In the American Grain
Whenever I reread Trilling, and I've been doing it more often these days, I cannot help but invoke Edmund Wilson, who was ten years Trilling's senior and whose corpus I also admire tremendously. Of course, the two were very different animals. A journalist and an essayist (although, like Trilling, he too tried his luck at fiction), Wilson spent some unhappy months teaching, at Chicago, among other places. But he made no secret of his impatience with academics. In a piece from 1944 called "Re-Examining Dr. Johnson" (to be found in Classics and Commercials), Wilson writes:
There is a tendency in the scholarly writing done by professors and composers of theses that sometimes becomes rather exasperating to the reader outside the college world. This tendency may be briefly described as an impulse on the part of the professors to undermine their subjects or explain them away. An expert on Byron, say, will prove, on purely documentary grounds, that there is no reason to believe that Byron ever had anything to do with women; an authority on Whitman will attempt to show that Whitman had no originality, since everything to be found in his work has already been found in someone else.
Trilling, on the other hand, spent his lengthy career at Columbia University. It was with the help of students that he came to terms with his talent as teacher and critic. His essays, while neither preachy nor didactic, have nevertheless a donnish quality to them. They are delivered from the instructor's pulpit, with one hand on the blackboard and the other on a sacrosanct tome by the author analyzed, be it Wordsworth or Henry James. Trilling also exhibits a far more patient mind than Wilson, perhaps the result of a more cloistered focus and of his conscious decision to spend a career within campus walls. He saw Wilson as a model; Wilson, in turn, encouraged him to broaden his horizons and persuaded him to finish his study of Matthew Arnold, which Trilling had started as a doctoral dissertation. The two established a relationship and engaged in a correspondence that lasted many years. Trilling refers to Wilson in his essays and does so more often, and far more admiringly, than Wilson does of him. He makes use of him in his essays on Hemingway and William Dean Howells. And he is particularly infatuated with Wilson's idea, in The Wound and the Bow, that "effectiveness in the arts does depend on sickness." Actually, it could be argued that Trilling's essay "Art and Neurosis," so indebted, as much of his oeuvre, to Freud, is an indirect invocation of Wilson.
The Moral Obligation to Be Intelligent includes many of Trilling's best literary essays, from "Manners, Morals, and the Novel" to the piece he was drafting at the time of his death, "Why We Read Jane Austen." The latter, although unfinished, is fascinating in that it places Trilling in the context of the multicultural debate. He discusses the growing interest in Austen in the seventies and the responses he got in a class he gave on her work. But the most insightful parts of the piece are those in which he reacts to a lecture the anthropologist Clifford Geertz delivered in 1974 about Javanese, Balinese and Moroccan cultures. Trilling contrasts the quest of the anthropologist and that of common Western readers. The Austen discussion signals the insertion of literary studies in the context of a larger debate on ethnography and epistemology that acquired, after Trilling's death, much relevance throughout the humanities.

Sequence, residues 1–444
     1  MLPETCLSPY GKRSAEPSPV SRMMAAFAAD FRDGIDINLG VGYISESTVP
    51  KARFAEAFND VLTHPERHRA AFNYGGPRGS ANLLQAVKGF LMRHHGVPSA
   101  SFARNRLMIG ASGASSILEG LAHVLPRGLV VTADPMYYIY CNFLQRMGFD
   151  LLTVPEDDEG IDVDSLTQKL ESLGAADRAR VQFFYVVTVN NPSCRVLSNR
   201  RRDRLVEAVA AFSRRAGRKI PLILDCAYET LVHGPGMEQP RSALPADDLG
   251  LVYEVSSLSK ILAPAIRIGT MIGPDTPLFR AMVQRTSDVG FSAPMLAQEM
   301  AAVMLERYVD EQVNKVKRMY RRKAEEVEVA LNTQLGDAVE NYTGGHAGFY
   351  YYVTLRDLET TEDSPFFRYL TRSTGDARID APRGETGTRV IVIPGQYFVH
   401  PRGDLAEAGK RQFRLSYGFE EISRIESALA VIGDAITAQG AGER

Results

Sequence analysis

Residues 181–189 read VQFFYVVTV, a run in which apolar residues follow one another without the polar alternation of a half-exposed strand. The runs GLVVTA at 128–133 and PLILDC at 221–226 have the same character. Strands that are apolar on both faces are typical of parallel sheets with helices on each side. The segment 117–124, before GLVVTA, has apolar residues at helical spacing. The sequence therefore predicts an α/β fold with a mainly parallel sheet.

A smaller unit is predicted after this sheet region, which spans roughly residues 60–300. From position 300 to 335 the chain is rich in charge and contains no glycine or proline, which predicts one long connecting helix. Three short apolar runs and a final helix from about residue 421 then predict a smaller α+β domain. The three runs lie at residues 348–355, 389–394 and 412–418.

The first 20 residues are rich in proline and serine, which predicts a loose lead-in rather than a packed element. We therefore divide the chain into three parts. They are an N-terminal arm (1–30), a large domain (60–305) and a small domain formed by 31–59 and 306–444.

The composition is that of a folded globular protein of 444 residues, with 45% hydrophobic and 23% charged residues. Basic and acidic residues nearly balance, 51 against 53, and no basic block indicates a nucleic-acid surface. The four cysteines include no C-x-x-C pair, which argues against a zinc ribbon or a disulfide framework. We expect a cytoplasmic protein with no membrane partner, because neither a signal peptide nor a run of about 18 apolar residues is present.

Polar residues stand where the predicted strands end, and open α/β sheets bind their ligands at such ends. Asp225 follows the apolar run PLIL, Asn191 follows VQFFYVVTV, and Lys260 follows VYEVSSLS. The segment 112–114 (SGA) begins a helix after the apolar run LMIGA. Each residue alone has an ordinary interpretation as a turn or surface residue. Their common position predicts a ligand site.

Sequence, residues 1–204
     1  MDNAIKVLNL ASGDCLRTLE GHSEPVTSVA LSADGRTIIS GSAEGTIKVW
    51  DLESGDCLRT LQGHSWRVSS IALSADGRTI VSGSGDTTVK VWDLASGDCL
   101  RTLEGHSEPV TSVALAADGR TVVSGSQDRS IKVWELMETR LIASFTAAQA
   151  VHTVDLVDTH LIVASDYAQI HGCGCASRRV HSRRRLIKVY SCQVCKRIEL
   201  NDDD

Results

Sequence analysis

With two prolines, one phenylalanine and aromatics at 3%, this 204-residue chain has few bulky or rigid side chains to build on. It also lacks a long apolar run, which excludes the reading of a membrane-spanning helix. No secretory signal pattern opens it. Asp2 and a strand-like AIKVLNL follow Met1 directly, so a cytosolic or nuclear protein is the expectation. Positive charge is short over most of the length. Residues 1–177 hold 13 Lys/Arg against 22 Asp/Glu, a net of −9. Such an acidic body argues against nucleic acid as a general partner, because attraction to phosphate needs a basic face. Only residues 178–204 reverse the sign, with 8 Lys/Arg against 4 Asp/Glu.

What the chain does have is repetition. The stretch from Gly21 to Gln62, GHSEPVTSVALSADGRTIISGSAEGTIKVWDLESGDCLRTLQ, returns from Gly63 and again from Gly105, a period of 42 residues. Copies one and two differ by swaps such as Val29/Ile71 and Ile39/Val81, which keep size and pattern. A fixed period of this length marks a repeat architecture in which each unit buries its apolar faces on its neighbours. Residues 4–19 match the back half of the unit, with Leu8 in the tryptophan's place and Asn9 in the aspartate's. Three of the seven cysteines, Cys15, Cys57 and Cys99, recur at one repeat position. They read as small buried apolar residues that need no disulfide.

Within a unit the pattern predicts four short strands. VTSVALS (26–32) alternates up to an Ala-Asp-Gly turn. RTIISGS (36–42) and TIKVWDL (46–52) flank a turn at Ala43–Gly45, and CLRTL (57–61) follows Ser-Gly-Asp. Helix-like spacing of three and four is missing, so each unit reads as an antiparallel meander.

Trilling's famous 1955 essay that served as an introduction to Isaac Babel's stories, which remains a most important study on the Russian author of Red Cavalry, is here too, as well as pieces on Eliot, Kipling and Twain. Wieseltier's selections also include, as appendixes, the prefaces to The Liberal Imagination and Beyond Culture (1965), the latter a volume that was also drawn from substantially. The style, unlike Wilson's, is meticulous in its explorative drive, but it can also be exasperating in its needless side routes and exhausting in its "drill approach": embodying the assumption that the longer one ruminates around an argument, the more convincing it will be. The prose often lacks urgency, in part because Trilling wrote most of his essays with more than a little time on his hands and without length constraints, for quarterlies such as Partisan Review. And yet, there is a sensibility that makes them very appealing. I'm tempted to attach such sensibility to his Jewish identity, with which Trilling contested his entire life. He was not a polymath like Wilson, whose curiosity threw him in all manner of directions, from Vico's philosophy to Marxism to the Iroquois and the Dead Sea Scrolls, traveling far distances (the Soviet Union, the Middle East) and learning various tongues (Russian, Hungarian, Hebrew) in order to better tackle a topic. Instead, Trilling's cosmopolitanism is well circumscribed: From Joyce to Frost to Orwell, the English language and its literatures in England and the United States--and only the whiteness of it, for that matter--are his prison. If he ventures beyond, it is to explore Flaubert or the world of the Talmudic rabbis, and there he is hesitant in his knowledge. Still, unlike the modern literature professor, he doesn't strive to be a specialist. His mind wanders as he wonders, to borrow from Langston Hughes. Not accidentally, he is often attached critically to the classic postwar circle of New York Jews--among them Delmore Schwartz, Isaac Rosenfeld, Irving Howe and Daniel Bell--who saw the world as a marketplace of aesthetic and political ideas, and literature as a stock exchange of sorts.